Early Onset Dementia- Not A Mid Life Crisis

by | Oct 1, 2018 | Alzheimer's Disease, Dementia, Dementia Behaviors


When Marion’s husband Dave started behaving poorly she was frustrated. She assumed he was having a late mid life crisis. At 59 years, old Dave was an engineer for a major oil company. He had been with this company most of his career, about 40 years. But his job was in jeopardy. Dave was showing up late for work. And according to a co-worker who spoke with Marion he was a “bit off” sometimes. When asked what she meant by this the coworker replied.

 “Sometimes he says something that makes no sense at all. He also forgets a lot of meetings and then gets angry saying that nobody told him there was a meeting scheduled. He picks fights with coworkers and blames everyone else when he drops the ball. I am afraid he is going to be fired soon.”

There Had Been Changes At Home Also

Though Marion wasn’t happy to hear this information she was not surprised. She too had been noticing changes. Her once fun-loving husband who was always the life of the party was moody. He had bouts of anger and at other times sank into depression. Now hearing from someone else Marion realized she needed help.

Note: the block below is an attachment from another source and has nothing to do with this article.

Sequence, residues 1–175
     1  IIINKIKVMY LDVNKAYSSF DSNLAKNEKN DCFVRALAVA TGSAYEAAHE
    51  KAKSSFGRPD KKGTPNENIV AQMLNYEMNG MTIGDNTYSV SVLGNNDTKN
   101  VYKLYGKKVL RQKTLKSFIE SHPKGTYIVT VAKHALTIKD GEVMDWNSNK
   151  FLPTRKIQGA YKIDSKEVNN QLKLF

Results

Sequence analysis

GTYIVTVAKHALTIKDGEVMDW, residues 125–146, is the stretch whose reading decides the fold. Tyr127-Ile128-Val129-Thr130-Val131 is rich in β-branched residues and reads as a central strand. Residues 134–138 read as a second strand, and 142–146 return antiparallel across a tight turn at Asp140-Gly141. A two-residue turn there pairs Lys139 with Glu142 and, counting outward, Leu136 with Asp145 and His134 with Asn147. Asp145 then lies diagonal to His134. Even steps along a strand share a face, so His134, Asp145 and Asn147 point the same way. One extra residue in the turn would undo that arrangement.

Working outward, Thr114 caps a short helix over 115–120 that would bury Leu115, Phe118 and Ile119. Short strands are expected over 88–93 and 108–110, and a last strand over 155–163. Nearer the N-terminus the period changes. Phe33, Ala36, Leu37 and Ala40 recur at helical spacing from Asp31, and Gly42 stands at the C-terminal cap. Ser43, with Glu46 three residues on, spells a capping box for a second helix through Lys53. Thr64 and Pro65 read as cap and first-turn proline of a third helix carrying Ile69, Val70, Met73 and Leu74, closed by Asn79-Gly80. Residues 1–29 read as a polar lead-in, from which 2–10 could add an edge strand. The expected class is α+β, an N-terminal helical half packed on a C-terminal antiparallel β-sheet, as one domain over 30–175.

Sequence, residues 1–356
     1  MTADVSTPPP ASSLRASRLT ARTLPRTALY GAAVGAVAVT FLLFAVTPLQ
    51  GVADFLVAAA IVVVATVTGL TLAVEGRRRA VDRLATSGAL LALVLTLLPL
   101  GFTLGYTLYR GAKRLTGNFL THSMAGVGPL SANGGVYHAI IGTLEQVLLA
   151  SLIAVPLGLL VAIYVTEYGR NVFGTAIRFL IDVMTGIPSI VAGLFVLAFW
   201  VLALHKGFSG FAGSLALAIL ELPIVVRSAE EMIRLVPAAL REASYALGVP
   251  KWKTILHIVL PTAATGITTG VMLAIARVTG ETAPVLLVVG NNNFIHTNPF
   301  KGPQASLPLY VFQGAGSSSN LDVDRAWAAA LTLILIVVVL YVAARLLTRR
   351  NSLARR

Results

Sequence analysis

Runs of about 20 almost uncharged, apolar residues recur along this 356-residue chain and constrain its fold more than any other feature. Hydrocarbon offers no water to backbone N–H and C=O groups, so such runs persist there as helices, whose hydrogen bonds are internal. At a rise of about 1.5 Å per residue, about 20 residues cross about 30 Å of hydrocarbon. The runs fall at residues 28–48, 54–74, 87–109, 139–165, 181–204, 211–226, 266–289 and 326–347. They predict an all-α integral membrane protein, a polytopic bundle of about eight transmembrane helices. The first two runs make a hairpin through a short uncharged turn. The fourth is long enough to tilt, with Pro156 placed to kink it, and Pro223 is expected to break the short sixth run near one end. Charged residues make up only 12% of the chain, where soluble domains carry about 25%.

A Visit With The Doctor

She reached out to their family doctor. But the day of the appointment Dave was his old self. It didn’t appear that there was anything really wrong with him. In fact, that is one of the reasons it took Marion so long to reach for help in the first place. Some days Dave was his old self. And Marion would question her concerns. So, when their doctor prescribed anti-depressants and diagnosed Dave with depression Marion agreed.

But a few months later his anger and aggression escalated. He also started gambling online. This is something he had never done. In fact, he didn’t even like to go to a casino to gamble. Dave’s attitude had always been “I work too hard for my money to throw it all away.” But here he was doing just that.